G. Answering Services
    H. Enforcement Shipping—covers shipping of law enforcement equipment between offices and for repairs.
    I. Post Office Box Rentals
    J. Law Enforcement Plaques—covers cost of retirement, award, and cooperation plaques, medals, certificates, or other items that can be worn or displayed for CI and other law enforcement agencies/officers.
    K. Enforcement Supplies—includes all enforcement supplies and requirements such as batteries, raid jackets, holsters, weapon cleaning supplies, tape cassettes, jumper cables, flares, fire extinguishers, first aid kits for GOA’s etc. This does not include normal office supplies such as photocopier supplies, pens, pencils, etc.
    L. Diaries—requirement by IRM for special agents.
    M. Equipment Repair—covers the cost of repairing law enforcement equipment. This does not include the cost of repairing general office and ADP equipment purchased at the area and/or field office levels.
    N. Equipment Purchases—includes the purchase of all investigative equipment. It does not include normal office equipment or ADP equipment and supplies purchased at the area and/or field office levels.
    O. Directories, Publications and Subscriptions—includes all directories, publications and subscriptions unique to Criminal Investigation.
    P. Purchase and Development of Film
    Q. Radio Installation Expenses—includes the installation of fixed and mobile radio equipment at Criminal Investigation’s request. This does not include the removal and installation of fixed equipment as a result of the relocation of a post of duty.
         
         
         
         
         
    R. Locksmith Services—includes all lock or combination changes required by the IRM for Criminal Investigation security. It also includes services required at raid sites. This does not include original installation at new or relocated posts of duty.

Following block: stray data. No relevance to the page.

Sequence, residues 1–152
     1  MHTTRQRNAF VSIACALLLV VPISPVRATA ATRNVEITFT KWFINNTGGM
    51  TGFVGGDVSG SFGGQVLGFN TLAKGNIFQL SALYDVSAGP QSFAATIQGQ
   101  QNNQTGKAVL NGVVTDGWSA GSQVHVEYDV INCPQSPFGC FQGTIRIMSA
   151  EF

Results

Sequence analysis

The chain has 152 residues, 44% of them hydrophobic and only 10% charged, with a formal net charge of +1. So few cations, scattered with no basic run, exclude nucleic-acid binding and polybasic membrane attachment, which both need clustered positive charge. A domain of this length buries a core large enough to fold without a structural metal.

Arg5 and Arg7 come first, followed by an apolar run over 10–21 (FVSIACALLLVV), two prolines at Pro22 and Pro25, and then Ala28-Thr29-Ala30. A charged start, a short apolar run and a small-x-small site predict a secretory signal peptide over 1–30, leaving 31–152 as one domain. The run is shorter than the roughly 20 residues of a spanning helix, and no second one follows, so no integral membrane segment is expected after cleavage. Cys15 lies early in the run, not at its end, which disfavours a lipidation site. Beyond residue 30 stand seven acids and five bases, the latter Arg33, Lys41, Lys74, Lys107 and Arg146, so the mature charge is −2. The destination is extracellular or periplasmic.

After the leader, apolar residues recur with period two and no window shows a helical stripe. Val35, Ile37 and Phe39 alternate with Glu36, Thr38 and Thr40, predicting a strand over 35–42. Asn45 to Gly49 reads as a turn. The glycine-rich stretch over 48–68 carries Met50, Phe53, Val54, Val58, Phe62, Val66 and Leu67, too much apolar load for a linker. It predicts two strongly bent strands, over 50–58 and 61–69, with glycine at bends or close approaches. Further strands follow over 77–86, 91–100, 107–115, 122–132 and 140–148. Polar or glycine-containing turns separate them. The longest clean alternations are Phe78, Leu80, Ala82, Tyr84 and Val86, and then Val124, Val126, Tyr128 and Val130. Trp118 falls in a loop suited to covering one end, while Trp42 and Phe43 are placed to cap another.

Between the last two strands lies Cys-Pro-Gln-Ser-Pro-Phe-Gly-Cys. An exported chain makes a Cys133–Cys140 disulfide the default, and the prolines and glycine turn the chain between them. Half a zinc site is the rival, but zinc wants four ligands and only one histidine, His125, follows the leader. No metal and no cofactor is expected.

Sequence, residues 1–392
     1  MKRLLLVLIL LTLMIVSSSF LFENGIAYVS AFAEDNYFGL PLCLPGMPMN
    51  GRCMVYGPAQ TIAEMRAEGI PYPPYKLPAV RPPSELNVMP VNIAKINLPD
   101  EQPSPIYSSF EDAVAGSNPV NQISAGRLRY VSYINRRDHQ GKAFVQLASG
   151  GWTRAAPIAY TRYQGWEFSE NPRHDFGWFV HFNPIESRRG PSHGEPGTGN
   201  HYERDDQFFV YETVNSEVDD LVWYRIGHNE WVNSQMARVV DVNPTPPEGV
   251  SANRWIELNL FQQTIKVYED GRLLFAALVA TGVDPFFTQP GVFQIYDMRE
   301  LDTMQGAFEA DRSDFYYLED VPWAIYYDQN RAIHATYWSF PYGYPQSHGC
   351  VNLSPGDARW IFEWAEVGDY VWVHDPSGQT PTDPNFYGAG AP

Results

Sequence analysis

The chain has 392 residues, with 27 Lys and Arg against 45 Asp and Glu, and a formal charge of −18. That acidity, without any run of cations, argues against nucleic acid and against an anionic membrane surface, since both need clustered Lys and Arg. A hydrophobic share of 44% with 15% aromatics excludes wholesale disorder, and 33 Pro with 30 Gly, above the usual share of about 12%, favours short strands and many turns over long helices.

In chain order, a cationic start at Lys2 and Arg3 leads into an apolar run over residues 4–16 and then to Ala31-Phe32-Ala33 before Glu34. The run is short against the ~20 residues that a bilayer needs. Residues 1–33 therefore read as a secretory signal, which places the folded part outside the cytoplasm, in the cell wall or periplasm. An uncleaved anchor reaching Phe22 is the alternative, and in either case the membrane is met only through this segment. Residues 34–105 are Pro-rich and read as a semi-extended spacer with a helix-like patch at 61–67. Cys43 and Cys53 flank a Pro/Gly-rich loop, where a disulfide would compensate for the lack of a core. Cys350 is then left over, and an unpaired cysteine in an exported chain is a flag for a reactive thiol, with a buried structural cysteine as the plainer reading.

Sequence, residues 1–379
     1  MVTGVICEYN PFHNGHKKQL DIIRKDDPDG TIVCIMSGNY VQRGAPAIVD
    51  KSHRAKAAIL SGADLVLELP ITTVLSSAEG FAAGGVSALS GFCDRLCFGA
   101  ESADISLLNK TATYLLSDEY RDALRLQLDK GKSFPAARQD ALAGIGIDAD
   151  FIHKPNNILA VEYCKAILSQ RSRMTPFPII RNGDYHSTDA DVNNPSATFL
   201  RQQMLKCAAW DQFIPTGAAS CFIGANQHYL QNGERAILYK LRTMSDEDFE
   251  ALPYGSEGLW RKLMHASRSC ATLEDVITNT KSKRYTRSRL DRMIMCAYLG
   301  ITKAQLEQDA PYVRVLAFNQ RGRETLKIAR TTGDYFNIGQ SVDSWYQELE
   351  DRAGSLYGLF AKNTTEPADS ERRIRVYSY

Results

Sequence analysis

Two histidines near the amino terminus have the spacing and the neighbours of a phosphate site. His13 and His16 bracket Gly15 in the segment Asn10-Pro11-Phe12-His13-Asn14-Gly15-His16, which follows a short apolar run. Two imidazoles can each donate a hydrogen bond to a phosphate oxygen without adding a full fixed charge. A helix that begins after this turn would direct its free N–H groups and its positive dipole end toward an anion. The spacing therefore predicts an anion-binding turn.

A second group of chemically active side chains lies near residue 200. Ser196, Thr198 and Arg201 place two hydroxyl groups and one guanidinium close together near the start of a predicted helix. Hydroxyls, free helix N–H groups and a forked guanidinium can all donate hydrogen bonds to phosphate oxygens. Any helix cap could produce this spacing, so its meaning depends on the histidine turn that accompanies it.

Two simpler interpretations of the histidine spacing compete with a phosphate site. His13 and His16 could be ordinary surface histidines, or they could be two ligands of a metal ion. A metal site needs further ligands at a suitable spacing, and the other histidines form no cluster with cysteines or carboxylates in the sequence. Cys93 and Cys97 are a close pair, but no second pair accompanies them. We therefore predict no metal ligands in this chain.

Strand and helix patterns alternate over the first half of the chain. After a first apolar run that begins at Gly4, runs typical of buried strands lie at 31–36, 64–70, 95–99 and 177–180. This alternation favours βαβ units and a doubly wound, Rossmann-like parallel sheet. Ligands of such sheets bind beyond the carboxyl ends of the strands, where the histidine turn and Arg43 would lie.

S. Microfilm Services and Repairs—includes all microfilm related expenses.

Exhibit 9.11.3-6 
New Agent Equipment Request

This image is too large to be displayed in the current screen. Please click the link to view the image.

Exhibit 9.11.3-7 
Loaned Equipment Spreadsheet

This image is too large to be displayed in the current screen. Please click the link to view the image.
This image is too large to be displayed in the current screen. Please click the link to view the image.

Exhibit 9.11.3-8 
Notification Letter to Detailed Employee

Internal Revenue Service __Department of the Treasury
   
Washington, DC 20224
   
[Addressee’s Name and Address]  
   
[Salutation]  
   
 This confirms your detail to assist . . . for the purposes of coordinating the criminal enforcement efforts relating to Title 31, for the period beginning February 1 and ending September 30, xxxx.
 You will remain on the rolls of the Internal Revenue Service but will be under the supervision and direction of . . .
 You may have access to tax returns and return information for those violations of Title 31 committed in contravention of the internal revenue laws or which are part of a pattern of violations of the internal revenue laws. If you need to gain access to tax returns or return information for other Title 31 matters under your jurisdiction, such data is governed by the provisions of Section 6103(i) of the Internal Revenue Code.
 You may use your IRS pocket commission or enforcement badge for official identification purposes for the duration of the detail to the extent your activities involve tax administration; otherwise you may not.
  Sincerely,
   
  Special Agent in Charge
  Criminal Investigation

More Internal Revenue Manual